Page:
Short-Term Rental” under the Ordinance, and whether it lists a valid registration number.

Ordinance § 9-14.10.b. Airbnb could not comply with this provision simply by looking at a

third-party listing. Rather, Airbnb would have to review each listing to, at the very least, (1)

compare the number of days the listing advertises to the number of days permitted under the

Ordinance; (2) ascertain whether the unit falls into one of the four categories that are “not

eligible to be offered as Short-Term Rentals,” including units that are below market rate or

income-restricted, units that are subject to any other law that prohibits their leasing, units that are

designated as “Problem Properties” by the Mayor, and units that have been subject to 3 or more

findings of violations of the Ordinance within a 6-month period, id. § 9-14.4A; (3) if the

advertisement contains a registration number, compare that number to the Short-Term Registry

to ensure that it is valid, id. § 9-14.5(j)(i); and (4) if the advertisement does not contain a

registration number, compare the information in the listing to the information in the Short-Term

Registry to determine whether the unit is validly registered, § 9-14.2.

44. These onerous review requirements cannot be completed with an automated click

of a button. Indeed, much of the information Airbnb would require to comply, such as whether a

property has been designated a “Problem Property” by the Mayor, would not even be readily

available to Airbnb, and certainly would not be included in the listing itself.

45. The burden to Airbnb of reviewing third-party content to prohibit and remove

postings would not be measured solely by the static number of listings at a single point in time,

but would be an ongoing and expanding burden. There are at present approximately 6,300

Airbnb listings in Boston. In the normal course of business, hosts can add new listings, change

the status of listings, and deactivate listings every day. Airbnb then, too, would have to monitor

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for every change constantly. The Ordinance’s express content-removal requirement thus would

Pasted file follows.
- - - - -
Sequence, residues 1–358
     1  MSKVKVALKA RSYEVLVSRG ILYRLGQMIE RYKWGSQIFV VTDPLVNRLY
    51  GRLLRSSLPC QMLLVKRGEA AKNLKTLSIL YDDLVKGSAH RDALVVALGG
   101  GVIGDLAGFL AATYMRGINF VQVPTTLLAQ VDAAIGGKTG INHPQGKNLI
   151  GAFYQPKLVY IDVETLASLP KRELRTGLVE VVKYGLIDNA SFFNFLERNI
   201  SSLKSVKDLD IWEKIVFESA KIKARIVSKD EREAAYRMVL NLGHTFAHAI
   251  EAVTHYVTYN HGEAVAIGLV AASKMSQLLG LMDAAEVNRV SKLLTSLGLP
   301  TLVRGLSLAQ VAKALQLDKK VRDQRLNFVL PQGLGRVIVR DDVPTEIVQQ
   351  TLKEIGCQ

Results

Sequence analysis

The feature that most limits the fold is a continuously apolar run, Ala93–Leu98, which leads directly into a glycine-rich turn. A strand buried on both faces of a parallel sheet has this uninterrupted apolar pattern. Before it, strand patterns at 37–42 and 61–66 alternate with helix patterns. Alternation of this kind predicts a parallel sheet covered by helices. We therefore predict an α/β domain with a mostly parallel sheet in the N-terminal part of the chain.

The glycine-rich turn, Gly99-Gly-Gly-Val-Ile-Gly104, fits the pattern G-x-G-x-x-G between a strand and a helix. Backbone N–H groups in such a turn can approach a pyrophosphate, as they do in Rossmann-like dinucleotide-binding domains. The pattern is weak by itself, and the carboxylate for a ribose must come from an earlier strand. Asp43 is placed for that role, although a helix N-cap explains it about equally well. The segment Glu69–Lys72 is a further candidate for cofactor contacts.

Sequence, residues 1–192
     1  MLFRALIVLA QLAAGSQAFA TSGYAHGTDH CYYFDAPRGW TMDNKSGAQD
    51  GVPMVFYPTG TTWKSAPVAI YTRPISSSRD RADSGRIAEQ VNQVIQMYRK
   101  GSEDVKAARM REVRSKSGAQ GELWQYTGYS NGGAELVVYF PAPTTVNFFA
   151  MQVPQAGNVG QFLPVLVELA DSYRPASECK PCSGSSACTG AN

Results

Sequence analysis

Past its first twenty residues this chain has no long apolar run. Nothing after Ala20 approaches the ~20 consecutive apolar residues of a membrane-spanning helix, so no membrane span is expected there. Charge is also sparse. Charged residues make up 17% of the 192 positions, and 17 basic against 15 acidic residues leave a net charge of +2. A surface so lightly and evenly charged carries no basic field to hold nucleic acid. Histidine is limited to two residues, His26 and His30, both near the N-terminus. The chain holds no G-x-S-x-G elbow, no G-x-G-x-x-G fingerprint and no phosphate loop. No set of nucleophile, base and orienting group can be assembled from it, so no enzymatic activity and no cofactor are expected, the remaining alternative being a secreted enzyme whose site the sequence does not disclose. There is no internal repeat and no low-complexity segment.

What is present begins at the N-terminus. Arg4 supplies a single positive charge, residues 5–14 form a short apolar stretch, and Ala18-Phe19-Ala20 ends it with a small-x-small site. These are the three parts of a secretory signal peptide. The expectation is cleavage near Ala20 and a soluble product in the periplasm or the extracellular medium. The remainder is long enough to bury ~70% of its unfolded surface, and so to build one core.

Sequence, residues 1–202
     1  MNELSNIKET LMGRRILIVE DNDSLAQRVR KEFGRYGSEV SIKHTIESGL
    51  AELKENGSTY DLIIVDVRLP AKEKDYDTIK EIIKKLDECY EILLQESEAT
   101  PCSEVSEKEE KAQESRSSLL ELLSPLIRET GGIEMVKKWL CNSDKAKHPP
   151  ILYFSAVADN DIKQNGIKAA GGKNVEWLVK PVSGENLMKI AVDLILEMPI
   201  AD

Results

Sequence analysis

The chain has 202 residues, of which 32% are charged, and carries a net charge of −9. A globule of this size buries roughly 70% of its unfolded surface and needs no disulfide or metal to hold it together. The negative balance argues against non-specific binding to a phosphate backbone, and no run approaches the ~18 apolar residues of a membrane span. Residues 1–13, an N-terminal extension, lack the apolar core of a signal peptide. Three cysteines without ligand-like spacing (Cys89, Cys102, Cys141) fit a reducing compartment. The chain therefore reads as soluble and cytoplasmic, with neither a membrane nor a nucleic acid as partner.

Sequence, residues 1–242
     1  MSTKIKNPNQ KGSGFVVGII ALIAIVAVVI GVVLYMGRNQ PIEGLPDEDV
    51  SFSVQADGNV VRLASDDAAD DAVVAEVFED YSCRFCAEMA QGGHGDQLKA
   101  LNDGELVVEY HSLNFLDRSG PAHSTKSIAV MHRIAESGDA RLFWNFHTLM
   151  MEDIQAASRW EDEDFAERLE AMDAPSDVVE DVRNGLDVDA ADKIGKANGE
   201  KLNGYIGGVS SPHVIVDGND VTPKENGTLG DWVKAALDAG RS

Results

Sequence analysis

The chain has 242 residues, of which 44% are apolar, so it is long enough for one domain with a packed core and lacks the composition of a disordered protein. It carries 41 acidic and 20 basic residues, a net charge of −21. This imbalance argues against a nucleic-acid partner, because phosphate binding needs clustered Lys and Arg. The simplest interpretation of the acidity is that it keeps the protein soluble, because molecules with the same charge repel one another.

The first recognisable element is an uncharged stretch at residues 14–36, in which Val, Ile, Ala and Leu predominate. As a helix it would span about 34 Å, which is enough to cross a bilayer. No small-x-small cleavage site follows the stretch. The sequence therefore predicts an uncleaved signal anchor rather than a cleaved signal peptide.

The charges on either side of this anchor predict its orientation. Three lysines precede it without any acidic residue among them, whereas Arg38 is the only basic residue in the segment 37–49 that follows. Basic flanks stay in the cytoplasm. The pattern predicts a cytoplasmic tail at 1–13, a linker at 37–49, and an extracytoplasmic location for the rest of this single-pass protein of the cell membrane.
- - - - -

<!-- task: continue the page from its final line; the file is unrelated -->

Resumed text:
cause a significant disruption to Airbnb’s operations and impose substantial personnel and other

costs on Airbnb (particularly because other cities have attempted to enact, and may continue to

attempt, similar regulatory requirements). It also would injure the significant business goodwill

that Airbnb has generated from the hosts and guests who have come to rely on its platform.

46. Airbnb also does not know what additional agreements it will be forced to enter

with the City. By using the phrase “including but not limited to,” the Ordinance suggests that the

City could require Airbnb to enter all manner of agreements. Because this requirement is backed

by a steep penalty—a complete ban on doing business in Boston for failure to enter such an

agreement—the City has vast discretion to impose as-yet undefined agreements on Airbnb.

47. Second, the ban on Airbnb’s accepting a fee for a rental booking that does not

comply with the Ordinance would require Airbnb fundamentally to change the operation and

design of its platform. Airbnb provides booking, calendaring, and payment processing services

in connection with advertisements on its website. Airbnb’s key innovative design feature is that

it enables booking transactions between hosts and guests on the same website—with one click.

Airbnb provided a technological step forward from a “‘bulletin board’ service, or an online site